•  Governments: On balance, sovereign currency issuers don’t mind mild inflation so long as their currency is stable/respected globally, and social unrest is not a factor.  To the extent that a country issues debt to foreign holders, a bit of inflation is a good thing, as the debt can be extinguished with future, depreciated currency. 

Inflationary Signals – Where is inflation headed?

This multi-trillion-dollar question has been met by eager economists and forecasters with the rabid response of ‘HIGHER, HIGHER, HIGHER!” over the past ten years (with astounding failure).  And while I do not plan on joining them today with that prediction, inflationary trends are certainly materializing.

Let’s take a look at current market expectations and the policy realities that may drive those expectations.

There are many ways to gauge market expectations for future inflation.  I’ve selected the following for this review: Treasury Inflation Protected Security (TIPS) and US Dollar Swap Forwards.  Both are real financial products, with real money influencing their trends.

Detailed explanations of each market/security aren’t necessary for this exercise; instead, focus on the trajectory (rising = higher inflation expectations).  Both indicators are focused about five years into the future, and both are setting new highs versus their pre-pandemic readings.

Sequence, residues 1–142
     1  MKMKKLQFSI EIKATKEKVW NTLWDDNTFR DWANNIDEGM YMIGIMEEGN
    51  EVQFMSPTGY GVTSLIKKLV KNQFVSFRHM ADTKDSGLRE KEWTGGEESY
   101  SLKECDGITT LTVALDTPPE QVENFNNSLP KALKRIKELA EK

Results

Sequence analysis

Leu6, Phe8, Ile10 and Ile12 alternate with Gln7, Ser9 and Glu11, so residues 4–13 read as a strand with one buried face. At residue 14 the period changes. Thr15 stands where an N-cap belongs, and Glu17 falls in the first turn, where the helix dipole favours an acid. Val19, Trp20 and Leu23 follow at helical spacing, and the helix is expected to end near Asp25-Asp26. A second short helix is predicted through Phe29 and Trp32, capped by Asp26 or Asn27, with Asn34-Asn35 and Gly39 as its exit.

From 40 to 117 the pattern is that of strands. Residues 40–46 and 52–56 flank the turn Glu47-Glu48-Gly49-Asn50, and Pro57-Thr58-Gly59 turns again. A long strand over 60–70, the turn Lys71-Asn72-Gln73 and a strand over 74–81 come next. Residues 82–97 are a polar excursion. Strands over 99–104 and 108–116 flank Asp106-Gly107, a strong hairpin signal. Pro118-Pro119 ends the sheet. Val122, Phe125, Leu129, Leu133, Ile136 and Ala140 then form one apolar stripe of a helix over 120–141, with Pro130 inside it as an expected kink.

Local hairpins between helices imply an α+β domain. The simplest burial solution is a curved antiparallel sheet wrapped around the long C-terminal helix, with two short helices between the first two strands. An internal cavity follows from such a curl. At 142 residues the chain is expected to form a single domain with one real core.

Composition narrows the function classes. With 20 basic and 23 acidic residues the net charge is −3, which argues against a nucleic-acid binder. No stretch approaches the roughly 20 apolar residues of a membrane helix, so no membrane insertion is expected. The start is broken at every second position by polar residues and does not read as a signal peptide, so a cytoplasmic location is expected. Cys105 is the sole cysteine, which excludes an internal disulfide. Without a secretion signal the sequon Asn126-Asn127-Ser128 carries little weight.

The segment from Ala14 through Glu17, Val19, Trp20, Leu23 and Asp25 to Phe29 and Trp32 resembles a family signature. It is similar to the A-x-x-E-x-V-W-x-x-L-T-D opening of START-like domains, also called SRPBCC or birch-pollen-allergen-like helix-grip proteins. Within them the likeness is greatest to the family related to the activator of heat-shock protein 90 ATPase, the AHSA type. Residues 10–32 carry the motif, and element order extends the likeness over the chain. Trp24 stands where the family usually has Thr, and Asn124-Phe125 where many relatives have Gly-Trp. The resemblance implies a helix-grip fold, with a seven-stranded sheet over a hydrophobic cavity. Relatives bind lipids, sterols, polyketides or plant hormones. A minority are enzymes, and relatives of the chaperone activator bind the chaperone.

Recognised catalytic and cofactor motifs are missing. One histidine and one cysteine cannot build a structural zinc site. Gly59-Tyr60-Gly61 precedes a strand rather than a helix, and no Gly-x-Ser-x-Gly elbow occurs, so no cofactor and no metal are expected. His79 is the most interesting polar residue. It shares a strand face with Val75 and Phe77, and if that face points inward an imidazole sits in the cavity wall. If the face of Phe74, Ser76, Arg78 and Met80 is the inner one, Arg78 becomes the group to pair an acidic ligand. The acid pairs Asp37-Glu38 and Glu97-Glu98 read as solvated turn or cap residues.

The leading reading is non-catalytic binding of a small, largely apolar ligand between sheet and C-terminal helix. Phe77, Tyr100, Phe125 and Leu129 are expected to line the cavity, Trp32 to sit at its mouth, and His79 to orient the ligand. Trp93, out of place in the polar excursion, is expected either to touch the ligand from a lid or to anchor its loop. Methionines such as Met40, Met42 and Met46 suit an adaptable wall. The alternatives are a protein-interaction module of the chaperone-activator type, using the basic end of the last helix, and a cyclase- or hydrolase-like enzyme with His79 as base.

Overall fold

Another way to gauge inflation expectations is to think about the purchasing power of a currency.  The US Dollar index is shown below.  If your currency is declining in value, it takes more of it to buy the same amount of stuff.  So all things equal, a falling value indicates higher inflation expectations.  

As you can see, the US dollar is making new multi-year lows versus our largest trading partners' currencies.  And while movements in currencies reflect far more than inflation expectations, it's an inescapable fact that a falling currency equals diminished purchasing power.

On the policy side, we need to check in on the US Federal Government and Federal Reserve.

In response to the pandemic, the US Government has provided immense accommodation to the US economy.  That accommodation has been paid for by issuing debt.  The chart below is the annual federal deficit (amount to be borrowed) versus the country's total output.  The more negative the number, the larger the debt issuance.

As you would expect, higher indebtedness levels also tend to correspond with a less valuable currency and the potential for inflation. In the first and second quarter of 2021, the US Government will issue nearly $2.1 trillion in debt – roughly equal to 2014, 2015, 2016, and 2017 combined.

The Federal Reserve has also gotten creative in the face of the pandemic by taking interest rates to 0% and embarking on the most aggressive asset purchase program in their history. In many ways, the Fed's actions are actually facilitating the massive deficit spending by the US Government. The Federal Reserve balance sheet is shown below. Higher values = more accommodation.